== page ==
by Thao Pham
It was another late night. The glare of the streetlights spilled from the edges of my blinds and, just outside, a cricket chirped away. The most unsettling part of all this was the absence of joyful music, roars of celebration, and Vietnamese karaoke – but at least it showed that the community was following health orders.
Netflix was a poor distraction form the summer of sweat and social distancing; the faces of mask-less actors on-screen continuing their daily seemed ignorant to the status of the world around me. And Spotify only sought to sink me deeper into an upsetting lyrical world, as I felt inclined to select Escapism or Nobody.
That year I never remembered when one night ended and another one began, but I knew it was the beginning of a new year – no one could have missed the fireworks.
I heard soft movements in the other room followed by the whispers of my parents, perhaps awakened by the fireworks. Under the bed lay Rosie, the poor girl was startled by the noise. Her paws nudged her blanket before curling back comfortably to rest.
It didn’t take long for everyone in the house to fall back into slumber.
But even though I was surrounded by loved ones, I felt so lonely.
I thought about all the people I could contact – my friends. They were the pillars in my mind palace that supported a structure soon to collapse. My platonic soulmate, the other side to my coin; an old childhood acquaintance, who I reunited with at uni; and my soft-hearted, friend I wished was my big sister.
Then, there was a sudden flash.
A bright light illuminated the bedroom ceiling and a high-pitched ding followed. I reached for my phone and glanced at the message.
“Happy new year I hope youre well and 2021 is an amazing one for you :))”
A sudden burst of joy lit up my entire body. A friend! But it was quickly overshadowed by unbearable shame, as I thought about how I’d unfairly ghosted everyone close to me. It had been months and months and months. I wanted to see them, to speak to them and bask in the endless warmth of their friendship. But I was reluctant to reach out. I longed for any connection back into the familiar, into a world before… but I couldn’t. My absence was a cowardly act on my part to avoid confronting feelings I could not then decipher.
My eyes left the phone, the bright light replaced the dark of my room. My sweaty hands squeezed my thighs in an attempt to distract my thoughts.
As I brought my thumbs to the keyboard, I hesitated, then pushed out of sight.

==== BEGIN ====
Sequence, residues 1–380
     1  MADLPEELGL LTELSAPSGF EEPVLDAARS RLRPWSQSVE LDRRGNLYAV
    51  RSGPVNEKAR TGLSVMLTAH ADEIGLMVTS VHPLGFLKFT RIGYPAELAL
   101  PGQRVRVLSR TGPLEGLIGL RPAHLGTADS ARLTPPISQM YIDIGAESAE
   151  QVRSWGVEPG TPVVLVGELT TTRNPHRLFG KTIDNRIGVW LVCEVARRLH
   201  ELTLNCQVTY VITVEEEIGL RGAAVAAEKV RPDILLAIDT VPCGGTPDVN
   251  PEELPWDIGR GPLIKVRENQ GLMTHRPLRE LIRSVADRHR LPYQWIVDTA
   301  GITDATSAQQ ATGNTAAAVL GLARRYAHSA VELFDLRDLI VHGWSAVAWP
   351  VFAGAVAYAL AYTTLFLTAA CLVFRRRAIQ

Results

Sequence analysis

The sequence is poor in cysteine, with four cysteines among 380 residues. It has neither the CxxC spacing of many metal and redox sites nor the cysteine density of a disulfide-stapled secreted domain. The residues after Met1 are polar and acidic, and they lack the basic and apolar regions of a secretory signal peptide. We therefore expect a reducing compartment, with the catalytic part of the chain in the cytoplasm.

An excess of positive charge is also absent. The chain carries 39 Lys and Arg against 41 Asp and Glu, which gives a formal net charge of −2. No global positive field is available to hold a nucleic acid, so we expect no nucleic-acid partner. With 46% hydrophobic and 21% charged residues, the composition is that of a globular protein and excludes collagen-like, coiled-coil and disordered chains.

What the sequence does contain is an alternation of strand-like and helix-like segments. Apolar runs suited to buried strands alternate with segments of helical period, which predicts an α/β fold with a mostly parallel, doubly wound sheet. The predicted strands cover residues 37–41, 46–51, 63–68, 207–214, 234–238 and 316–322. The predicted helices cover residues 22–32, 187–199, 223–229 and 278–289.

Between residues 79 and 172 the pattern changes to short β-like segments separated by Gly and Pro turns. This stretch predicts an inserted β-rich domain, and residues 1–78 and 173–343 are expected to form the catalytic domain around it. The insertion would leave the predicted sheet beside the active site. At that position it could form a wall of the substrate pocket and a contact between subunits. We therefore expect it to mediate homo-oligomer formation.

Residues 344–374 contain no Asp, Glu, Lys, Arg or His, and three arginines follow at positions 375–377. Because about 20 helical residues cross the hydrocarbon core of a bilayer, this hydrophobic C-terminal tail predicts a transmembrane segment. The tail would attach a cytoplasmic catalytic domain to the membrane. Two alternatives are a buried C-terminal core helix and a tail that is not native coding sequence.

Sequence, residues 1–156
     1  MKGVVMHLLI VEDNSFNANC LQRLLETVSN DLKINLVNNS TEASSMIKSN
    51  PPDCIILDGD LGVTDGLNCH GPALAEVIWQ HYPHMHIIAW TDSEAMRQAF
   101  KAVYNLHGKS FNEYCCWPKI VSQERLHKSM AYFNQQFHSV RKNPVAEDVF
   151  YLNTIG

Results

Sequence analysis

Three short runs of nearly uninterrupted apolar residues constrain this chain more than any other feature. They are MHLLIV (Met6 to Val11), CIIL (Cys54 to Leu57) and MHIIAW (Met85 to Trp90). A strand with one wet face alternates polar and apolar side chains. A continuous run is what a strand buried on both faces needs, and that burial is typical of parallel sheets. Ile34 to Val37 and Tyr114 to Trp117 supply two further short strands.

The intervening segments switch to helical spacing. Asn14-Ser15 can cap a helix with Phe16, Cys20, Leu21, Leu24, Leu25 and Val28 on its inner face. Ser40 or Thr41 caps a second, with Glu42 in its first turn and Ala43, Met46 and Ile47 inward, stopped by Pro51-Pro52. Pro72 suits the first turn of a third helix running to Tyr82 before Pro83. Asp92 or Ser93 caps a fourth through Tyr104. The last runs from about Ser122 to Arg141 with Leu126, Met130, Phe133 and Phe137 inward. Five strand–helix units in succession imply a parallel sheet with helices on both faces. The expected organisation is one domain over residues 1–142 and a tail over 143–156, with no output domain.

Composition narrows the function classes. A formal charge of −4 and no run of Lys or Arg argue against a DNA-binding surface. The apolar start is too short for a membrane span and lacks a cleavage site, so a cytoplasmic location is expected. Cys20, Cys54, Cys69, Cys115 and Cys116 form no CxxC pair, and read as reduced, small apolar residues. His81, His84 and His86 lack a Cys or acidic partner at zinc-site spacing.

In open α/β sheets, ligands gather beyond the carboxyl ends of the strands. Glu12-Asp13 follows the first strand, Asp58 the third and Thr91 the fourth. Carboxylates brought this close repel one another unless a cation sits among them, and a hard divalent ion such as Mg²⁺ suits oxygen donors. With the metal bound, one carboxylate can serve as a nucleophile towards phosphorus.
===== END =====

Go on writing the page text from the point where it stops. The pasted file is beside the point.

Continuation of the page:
I surrendered to my thoughts, giving way to the anxiety and self-doubt that had manifested into a rotting meal within my mind. It was a banquet fit for a neurotic queen.
Yet there in front of me was a lifeline. A message to encourage conversation – a connection.
It was just one lone of text amongst the many before it;
“hope your christmas was good and youre holding up okay!”
“hope youre okay all the best for exams, the term is almost over”
“I miss you lots, I hope you’re okay”
Hazy memories bought to surface feelings of peace and happiness. Thoughts of a soft-smile overflowing with an untouchable kindness gave me comfort. Her eyes always gleamed with a compassion that came from a place of deep understanding. It wasn’t long ago that we had conversations about anything and everything. Conversations where our voices would get louder and louder, gestures bigger and bigger.
But the doubt remained ever present. I was convinced that the friendships I valued so dearly were built on lies and pity. There was no room for doubt in spaces where true friendship existed – at least that was what neurotypical culture said. I was still gripped by an intense desire to delete the whole conversation and let everyone forget.
They must hate me. How awful must I be ignoring everyone for months? What kind of friend does that? How can I claim to be their friend? Awful! I am just awful. They are better off without me, of course they are better off.
But I didn’t want that! I don’t want that!
An anguishing mental battle commenced. A battle between a relentless toxic persona convinced it was only trying to protect me, and a lonely voice seeking comfort.
I knew that If they would have me, if they would be willing to meet me where I am, if they would simply come see me, I would be the luckiest girl in the world.
What is but one text? What is but one message of a clear and honest love?
With shaky fingers and a drumming heart, I sent a reply before immediately slamming the phone back on the bed, faced downwards in a foolish effort to comfort myself. Words of unconfident reassurance echoed.
It’s ok, you’re ok, it’ll be fine
I mean, I’m not really okay, but that’s ok.
A light escaped from the bed’s surface. I scrambled for the phone.
“Love you heaps Thao”
Love you too.